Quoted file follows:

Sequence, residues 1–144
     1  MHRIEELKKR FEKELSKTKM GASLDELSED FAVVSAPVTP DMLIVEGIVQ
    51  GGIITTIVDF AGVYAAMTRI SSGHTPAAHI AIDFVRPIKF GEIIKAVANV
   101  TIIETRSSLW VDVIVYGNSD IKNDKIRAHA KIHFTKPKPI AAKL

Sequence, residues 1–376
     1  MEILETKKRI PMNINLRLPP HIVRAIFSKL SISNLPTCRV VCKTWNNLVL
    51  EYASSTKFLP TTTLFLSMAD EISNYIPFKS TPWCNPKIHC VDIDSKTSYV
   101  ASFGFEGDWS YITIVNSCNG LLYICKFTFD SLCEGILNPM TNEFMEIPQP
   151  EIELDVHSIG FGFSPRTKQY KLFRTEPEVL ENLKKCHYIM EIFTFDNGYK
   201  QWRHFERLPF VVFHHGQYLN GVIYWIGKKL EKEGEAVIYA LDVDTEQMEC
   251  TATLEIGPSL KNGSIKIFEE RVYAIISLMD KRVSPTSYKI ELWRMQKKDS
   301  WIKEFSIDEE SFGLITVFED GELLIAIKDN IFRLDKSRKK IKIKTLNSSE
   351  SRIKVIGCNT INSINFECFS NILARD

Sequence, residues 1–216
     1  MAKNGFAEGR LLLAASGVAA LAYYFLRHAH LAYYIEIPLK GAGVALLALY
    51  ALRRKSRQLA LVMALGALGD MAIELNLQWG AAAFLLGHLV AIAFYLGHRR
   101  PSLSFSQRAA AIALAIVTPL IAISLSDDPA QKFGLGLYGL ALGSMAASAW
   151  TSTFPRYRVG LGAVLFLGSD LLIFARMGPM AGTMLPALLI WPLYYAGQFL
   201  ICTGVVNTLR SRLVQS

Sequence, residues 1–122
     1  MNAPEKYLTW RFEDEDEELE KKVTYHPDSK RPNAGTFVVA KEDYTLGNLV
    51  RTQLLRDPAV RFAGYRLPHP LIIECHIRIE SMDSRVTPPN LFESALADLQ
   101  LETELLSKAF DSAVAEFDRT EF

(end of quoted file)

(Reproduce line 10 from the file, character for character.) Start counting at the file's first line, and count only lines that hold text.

   201  QWRHFERLPF VVFHHGQYLN GVIYWIGKKL EKEGEAVIYA LDVDTEQMEC